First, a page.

In accordance with its procedures, the CBSC forwarded the letter to CFRA for response. The General Manager of CFRA, in his letter of March 27, dealt with this issue and others raised in a series of four letters from the same listener complaining about gender issues on CFRA in the month of March. The General Manager's response to the issue at hand was;

The Public Service Announcement you refer to in your letter is one that CFRA has aired for many months in support of awareness of family violence. It is a well documented problem in our country and in our local community. We have reviewed the copy and are quite satisfied it does not violate the spirit or letter of the CRTC's policy on gender portrayal. This announcement has been airing for close to 12 months without a single complaint until your letter.

The viewer was unsatisfied with this response and requested, on May 31, that the CBSC refer the matter to the appropriate Regional Council for adjudication.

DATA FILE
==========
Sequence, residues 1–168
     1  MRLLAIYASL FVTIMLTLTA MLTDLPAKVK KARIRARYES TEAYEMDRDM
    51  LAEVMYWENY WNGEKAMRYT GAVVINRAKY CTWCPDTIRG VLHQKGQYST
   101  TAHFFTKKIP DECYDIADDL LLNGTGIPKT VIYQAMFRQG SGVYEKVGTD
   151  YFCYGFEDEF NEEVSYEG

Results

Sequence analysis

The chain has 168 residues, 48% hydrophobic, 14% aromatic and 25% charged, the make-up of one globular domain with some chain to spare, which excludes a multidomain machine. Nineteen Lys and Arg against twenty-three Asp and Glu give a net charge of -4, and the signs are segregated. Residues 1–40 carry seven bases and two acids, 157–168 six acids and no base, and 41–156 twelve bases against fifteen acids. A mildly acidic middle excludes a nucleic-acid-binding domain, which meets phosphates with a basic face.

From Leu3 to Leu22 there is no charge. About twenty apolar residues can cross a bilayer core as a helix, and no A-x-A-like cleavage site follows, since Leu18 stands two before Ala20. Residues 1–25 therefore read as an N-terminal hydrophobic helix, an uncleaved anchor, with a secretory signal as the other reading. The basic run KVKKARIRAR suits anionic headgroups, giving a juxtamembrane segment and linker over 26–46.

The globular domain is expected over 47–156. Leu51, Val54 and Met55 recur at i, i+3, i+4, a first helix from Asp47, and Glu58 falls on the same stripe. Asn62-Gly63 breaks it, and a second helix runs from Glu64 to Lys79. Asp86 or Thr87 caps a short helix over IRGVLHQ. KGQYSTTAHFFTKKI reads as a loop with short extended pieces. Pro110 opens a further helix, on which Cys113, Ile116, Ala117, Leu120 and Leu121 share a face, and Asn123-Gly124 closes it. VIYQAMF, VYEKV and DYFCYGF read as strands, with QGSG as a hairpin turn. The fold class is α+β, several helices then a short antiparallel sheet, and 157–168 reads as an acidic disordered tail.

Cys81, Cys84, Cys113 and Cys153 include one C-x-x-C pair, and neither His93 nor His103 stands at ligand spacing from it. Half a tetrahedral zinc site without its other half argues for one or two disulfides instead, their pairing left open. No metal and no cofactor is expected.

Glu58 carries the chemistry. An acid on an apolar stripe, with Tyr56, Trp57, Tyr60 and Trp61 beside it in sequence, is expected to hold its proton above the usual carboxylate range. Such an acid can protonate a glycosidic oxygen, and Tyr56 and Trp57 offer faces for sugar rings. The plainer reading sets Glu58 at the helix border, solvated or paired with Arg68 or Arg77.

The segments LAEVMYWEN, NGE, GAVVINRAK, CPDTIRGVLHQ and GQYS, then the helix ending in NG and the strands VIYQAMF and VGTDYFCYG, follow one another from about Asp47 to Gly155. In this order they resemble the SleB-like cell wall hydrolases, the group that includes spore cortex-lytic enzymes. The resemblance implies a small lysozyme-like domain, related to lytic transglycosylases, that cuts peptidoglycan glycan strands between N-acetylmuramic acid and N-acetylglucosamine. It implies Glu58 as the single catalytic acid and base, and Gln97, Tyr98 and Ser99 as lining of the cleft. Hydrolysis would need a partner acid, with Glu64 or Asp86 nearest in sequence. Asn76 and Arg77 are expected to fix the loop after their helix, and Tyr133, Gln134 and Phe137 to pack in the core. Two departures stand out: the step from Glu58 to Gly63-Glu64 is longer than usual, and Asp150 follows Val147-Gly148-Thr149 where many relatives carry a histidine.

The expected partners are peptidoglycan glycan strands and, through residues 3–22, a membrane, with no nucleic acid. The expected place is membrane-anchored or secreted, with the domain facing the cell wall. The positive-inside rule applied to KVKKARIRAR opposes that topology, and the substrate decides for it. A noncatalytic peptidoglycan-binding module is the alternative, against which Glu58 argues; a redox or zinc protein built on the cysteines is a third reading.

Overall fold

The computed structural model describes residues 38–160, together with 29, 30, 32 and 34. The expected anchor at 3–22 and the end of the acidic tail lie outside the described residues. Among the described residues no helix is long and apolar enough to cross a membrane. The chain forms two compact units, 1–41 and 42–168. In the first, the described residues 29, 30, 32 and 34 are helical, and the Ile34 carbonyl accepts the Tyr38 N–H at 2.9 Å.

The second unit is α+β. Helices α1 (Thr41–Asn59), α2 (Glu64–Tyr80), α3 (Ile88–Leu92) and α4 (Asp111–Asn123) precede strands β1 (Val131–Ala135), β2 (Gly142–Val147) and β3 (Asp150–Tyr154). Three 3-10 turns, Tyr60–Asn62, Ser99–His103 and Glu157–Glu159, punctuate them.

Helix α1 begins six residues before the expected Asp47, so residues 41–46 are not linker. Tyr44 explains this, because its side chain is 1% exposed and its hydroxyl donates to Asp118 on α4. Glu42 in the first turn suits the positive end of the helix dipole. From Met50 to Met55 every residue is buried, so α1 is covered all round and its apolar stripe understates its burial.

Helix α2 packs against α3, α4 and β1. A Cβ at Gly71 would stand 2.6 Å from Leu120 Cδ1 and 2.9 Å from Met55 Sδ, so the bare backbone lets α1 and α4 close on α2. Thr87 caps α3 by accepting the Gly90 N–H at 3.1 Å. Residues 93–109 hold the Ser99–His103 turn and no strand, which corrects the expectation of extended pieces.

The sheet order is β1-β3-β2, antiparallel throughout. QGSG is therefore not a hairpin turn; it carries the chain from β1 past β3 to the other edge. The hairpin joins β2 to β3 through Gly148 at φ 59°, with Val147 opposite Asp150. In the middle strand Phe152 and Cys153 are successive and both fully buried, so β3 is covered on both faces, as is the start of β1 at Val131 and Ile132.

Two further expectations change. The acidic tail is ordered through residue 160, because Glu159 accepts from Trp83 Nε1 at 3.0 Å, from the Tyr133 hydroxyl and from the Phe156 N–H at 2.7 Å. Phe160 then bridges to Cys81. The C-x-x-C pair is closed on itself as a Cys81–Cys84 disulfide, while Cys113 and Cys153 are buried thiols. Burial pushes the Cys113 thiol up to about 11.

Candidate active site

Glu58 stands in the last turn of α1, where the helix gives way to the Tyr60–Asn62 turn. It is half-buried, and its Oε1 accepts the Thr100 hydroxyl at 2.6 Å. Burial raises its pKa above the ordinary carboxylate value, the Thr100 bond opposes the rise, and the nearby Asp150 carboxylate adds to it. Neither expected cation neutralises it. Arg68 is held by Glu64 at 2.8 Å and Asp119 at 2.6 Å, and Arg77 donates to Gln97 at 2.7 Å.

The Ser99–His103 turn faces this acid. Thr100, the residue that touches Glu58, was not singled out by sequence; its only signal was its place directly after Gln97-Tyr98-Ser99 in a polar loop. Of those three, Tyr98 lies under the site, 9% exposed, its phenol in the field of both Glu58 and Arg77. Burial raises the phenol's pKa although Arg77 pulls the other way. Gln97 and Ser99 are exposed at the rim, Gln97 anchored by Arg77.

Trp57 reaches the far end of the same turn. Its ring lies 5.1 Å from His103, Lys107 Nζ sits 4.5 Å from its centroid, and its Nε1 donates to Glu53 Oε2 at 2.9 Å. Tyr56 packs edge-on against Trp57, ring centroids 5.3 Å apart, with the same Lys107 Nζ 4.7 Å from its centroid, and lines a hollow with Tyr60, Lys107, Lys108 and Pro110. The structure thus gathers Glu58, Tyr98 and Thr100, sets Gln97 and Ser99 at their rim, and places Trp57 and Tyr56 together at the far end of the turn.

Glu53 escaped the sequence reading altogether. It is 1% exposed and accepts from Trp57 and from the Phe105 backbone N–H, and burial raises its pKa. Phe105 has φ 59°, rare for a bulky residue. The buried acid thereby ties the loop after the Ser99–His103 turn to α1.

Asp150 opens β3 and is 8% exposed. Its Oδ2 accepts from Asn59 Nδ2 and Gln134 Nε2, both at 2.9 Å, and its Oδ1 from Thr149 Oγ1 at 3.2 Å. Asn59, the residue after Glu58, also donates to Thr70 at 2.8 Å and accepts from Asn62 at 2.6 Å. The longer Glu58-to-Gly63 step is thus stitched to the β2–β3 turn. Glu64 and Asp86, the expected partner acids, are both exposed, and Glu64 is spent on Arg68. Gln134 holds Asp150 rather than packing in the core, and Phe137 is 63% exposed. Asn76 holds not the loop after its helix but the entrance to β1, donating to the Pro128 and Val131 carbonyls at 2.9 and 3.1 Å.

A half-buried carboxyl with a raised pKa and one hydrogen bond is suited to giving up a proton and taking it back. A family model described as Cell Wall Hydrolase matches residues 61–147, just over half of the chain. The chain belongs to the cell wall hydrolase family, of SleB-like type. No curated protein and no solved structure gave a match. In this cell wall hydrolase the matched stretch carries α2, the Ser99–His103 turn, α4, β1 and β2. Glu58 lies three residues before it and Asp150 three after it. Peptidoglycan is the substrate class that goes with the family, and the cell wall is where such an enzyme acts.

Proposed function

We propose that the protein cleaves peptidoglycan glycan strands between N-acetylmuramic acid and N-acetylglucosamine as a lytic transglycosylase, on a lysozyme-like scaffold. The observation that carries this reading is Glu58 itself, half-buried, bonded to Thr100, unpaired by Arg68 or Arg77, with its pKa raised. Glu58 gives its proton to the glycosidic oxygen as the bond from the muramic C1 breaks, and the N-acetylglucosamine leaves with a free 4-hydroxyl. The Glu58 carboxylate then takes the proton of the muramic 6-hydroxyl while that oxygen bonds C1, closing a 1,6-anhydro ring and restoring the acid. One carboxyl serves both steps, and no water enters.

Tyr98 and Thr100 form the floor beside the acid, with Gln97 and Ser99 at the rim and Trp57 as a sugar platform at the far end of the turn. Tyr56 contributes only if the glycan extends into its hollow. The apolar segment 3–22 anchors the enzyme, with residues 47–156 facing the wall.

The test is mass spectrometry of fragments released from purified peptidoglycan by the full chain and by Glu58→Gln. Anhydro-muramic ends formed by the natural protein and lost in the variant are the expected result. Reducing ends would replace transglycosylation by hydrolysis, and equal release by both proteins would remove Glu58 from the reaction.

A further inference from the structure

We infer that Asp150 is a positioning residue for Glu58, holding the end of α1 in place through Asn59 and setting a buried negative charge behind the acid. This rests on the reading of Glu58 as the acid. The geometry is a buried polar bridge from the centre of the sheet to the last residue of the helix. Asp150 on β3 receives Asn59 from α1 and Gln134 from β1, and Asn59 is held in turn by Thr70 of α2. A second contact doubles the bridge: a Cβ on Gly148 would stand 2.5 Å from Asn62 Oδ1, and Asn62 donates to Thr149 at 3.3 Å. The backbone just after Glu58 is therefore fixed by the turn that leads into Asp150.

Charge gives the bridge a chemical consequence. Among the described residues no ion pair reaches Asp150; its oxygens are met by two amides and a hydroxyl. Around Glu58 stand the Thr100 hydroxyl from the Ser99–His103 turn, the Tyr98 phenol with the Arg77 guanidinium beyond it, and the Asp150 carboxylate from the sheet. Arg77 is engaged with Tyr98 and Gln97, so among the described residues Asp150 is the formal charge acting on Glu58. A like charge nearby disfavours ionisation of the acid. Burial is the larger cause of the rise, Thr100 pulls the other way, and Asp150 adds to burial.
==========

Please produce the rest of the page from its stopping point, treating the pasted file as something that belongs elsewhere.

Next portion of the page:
Clause 2: Diversity

(c) Television and radio programming shall respect the principles of intellectual and emotional equality of both sexes and the dignity of all individuals. Television and radio programming should portray women and men as equal beneficiaries of the positive attributes of family or single-person life. Women and men should perform in a range of occupations and function as intellectual and emotional equals in all types of thematic circumstances. This should be the case for both work and leisure activities requiring varying degrees of intellectual competence.

Guidance: Women and men should be portrayed as working toward a comfortable existence through mutual support, both economically and emotionally, and in both public and private spheres. Despite the problems of societal systemic discrimination, television and radio programming should reflect an awareness of the need to avoid and overcome discrimination on the basis of gender.